Construct a three-page summary
Residential developments can be as complicated as big commercial ones, and bank executives often receive dozens of proposals a day. You should be able to summarise a lending proposal in three pages. What you say in those pages must excite and convince them that this proposal is worth further attention. Cash flows, accommodation, schedules and floorplans can be tucked away in appendices. The summary should focus on the reasons why the development will be a success.
A picture tells a thousand words
I am astonished at the number of developments submitted without a photo of the site or a map showing its location. A good colour photo brings your proposal to life and breaks up pages of text. If you are converting existing buildings, photos are essential. Now that digital cameras are available, there is no excuse.
A map allows the reader to get their bearings. Don't assume that there will be an A-Z at the bank; a good presentation provides all the information necessary for the banker to say yes. For example, a map of St Ives should show that there are two A-roads that link it with Huntingdon (A1123 and A1096). With city development proposals, include street plans in your presentation: at some point your bank manager may want to visit the site.
Don't hide problems
If your site is next to a sewage treatment works, it will be embarrassing when it suddenly comes to light at a site visit. You wouldn't submit the proposal unless you thought that would be successful, so don't be afraid to explain it.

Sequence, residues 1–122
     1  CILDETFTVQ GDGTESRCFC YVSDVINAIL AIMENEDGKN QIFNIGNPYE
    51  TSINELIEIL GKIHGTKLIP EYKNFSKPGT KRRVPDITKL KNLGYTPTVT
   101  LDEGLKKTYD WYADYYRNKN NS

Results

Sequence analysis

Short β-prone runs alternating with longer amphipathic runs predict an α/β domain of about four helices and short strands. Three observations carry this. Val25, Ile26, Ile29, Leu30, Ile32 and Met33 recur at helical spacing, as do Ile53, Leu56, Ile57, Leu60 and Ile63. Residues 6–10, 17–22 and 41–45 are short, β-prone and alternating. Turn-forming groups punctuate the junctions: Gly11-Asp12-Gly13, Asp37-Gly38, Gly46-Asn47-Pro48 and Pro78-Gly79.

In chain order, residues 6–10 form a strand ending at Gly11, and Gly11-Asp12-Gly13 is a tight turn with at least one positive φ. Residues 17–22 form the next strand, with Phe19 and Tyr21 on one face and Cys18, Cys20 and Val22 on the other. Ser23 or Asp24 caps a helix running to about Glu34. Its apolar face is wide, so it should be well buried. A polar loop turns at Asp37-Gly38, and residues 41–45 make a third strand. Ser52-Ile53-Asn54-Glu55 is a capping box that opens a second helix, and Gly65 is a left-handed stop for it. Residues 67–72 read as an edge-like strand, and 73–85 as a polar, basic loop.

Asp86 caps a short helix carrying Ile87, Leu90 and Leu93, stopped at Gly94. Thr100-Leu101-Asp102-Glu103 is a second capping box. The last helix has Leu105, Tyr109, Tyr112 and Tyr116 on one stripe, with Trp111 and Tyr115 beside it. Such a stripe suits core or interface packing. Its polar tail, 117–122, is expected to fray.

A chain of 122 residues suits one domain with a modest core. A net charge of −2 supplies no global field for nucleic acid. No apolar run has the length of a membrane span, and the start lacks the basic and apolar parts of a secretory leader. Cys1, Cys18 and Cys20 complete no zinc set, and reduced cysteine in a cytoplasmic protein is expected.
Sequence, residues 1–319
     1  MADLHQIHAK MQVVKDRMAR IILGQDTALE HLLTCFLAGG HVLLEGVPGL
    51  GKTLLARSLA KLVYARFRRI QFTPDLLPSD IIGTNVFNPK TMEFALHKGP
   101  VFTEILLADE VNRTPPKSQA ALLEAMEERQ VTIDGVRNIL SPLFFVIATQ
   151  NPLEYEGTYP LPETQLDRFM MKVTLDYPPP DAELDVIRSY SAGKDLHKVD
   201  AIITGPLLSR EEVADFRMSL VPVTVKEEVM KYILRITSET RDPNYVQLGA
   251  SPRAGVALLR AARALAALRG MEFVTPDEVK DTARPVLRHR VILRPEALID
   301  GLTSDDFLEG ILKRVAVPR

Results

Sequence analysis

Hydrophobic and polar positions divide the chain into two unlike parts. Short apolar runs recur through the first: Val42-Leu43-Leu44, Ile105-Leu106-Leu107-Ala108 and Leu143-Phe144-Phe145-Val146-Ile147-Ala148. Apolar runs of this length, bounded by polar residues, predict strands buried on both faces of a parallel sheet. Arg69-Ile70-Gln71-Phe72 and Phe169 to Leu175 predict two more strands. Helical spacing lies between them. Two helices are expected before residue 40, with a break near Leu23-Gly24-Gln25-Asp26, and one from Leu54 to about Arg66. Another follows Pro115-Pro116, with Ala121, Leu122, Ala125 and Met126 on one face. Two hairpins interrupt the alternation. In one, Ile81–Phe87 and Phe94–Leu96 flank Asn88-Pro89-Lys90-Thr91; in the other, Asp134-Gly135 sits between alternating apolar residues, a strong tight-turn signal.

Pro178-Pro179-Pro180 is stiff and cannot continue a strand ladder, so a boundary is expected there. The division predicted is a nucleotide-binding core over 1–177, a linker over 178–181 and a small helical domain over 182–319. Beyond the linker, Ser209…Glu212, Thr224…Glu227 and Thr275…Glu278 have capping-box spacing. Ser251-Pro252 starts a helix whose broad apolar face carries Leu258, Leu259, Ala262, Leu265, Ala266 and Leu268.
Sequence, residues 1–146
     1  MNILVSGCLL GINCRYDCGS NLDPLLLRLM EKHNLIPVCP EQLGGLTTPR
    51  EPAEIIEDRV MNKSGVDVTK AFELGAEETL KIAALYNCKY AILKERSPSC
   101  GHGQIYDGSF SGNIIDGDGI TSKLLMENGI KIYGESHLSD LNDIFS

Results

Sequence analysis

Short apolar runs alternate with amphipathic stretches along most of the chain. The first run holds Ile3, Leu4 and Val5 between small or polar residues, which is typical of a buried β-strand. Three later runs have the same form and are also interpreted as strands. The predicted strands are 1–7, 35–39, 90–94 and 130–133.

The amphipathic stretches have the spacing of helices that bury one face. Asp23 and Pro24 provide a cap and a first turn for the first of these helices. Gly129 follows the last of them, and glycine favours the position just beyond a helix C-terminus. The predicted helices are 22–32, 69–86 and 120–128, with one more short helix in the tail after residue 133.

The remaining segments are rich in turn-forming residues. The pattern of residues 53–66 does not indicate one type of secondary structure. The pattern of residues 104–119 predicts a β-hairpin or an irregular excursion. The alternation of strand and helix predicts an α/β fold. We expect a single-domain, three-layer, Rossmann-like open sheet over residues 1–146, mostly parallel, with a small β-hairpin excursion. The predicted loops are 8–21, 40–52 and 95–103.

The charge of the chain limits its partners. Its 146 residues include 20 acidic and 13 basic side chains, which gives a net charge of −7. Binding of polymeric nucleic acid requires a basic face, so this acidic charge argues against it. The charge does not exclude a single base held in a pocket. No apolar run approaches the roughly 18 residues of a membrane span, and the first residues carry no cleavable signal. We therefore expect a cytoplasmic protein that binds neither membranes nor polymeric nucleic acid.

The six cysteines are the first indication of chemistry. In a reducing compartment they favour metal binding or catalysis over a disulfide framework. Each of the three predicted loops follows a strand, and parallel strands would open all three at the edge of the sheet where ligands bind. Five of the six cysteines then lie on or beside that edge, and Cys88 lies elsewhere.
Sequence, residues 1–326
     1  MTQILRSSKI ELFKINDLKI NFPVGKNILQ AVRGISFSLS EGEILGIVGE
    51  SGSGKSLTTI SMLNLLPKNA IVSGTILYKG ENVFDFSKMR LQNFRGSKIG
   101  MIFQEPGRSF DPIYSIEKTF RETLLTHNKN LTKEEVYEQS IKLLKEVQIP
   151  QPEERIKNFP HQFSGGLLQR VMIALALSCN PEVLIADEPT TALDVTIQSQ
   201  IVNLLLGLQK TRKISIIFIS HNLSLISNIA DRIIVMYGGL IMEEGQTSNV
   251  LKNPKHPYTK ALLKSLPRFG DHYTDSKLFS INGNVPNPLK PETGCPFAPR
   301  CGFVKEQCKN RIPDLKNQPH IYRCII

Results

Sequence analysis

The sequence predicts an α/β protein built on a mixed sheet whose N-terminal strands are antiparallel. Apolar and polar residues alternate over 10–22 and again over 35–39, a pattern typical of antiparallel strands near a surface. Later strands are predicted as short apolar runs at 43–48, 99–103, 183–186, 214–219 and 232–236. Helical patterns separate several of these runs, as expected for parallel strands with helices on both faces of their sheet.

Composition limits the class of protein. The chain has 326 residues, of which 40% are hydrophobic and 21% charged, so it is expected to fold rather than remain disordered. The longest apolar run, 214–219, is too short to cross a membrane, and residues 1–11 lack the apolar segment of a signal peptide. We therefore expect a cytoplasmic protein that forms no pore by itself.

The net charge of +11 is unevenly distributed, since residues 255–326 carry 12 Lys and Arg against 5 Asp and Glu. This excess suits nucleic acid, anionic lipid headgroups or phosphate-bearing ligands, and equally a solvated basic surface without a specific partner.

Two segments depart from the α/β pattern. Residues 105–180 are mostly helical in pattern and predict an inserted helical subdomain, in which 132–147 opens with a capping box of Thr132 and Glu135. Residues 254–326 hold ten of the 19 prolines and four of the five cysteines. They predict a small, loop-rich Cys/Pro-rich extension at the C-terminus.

A good presentation provides all the information necessary for the banker to say yes
Another mistake is to have blank sections within a CV. If you have taken a year off and travelled the world based on the success of a previous transaction, then fantastic. Say so, otherwise bankers like me will presume that you have been locked up for VAT fraud or have just undertaken a spectacular failure; I am a naturally suspicious person! This leads nicely on to my next point …
Be open and honest
Gone are the days when banks looked for a 30% return on residential development. They will probably have financed developments in whatever part of the country you operate in and will have an idea of sales prices (on a pound per square foot basis), construction costs and land values. If you expect to get over the odds, explain why, giving evidence where possible. A letter detailing the proposed selling prices from a local agent is helpful but must be backed up by recent comparable sales in the area.
Construction costs – the bottomless pit?
This is one of the most sensitive areas of any proposal. What will construction cost per square foot? Who has checked it? What sort of contract will be used and what stage are you at in the tender process? A good proposal will deal with all of these points.
What is the competition up to?
Don't assume that having a whole raft of national housebuilders nearby is a bad sign. In any market, the presence of the nationals will help potential buyers to see your product (as long as you have strong visual displays). Your product may well be at least as good and probably significantly cheaper. It also indicates that there is likely to be a demand for housing in the area. You should review your competitors' product and location, and then attach a summary to your submission.
Peter Roscrow is managing director of Close Property Management, the property fund management division of merchant bank Close Brothers.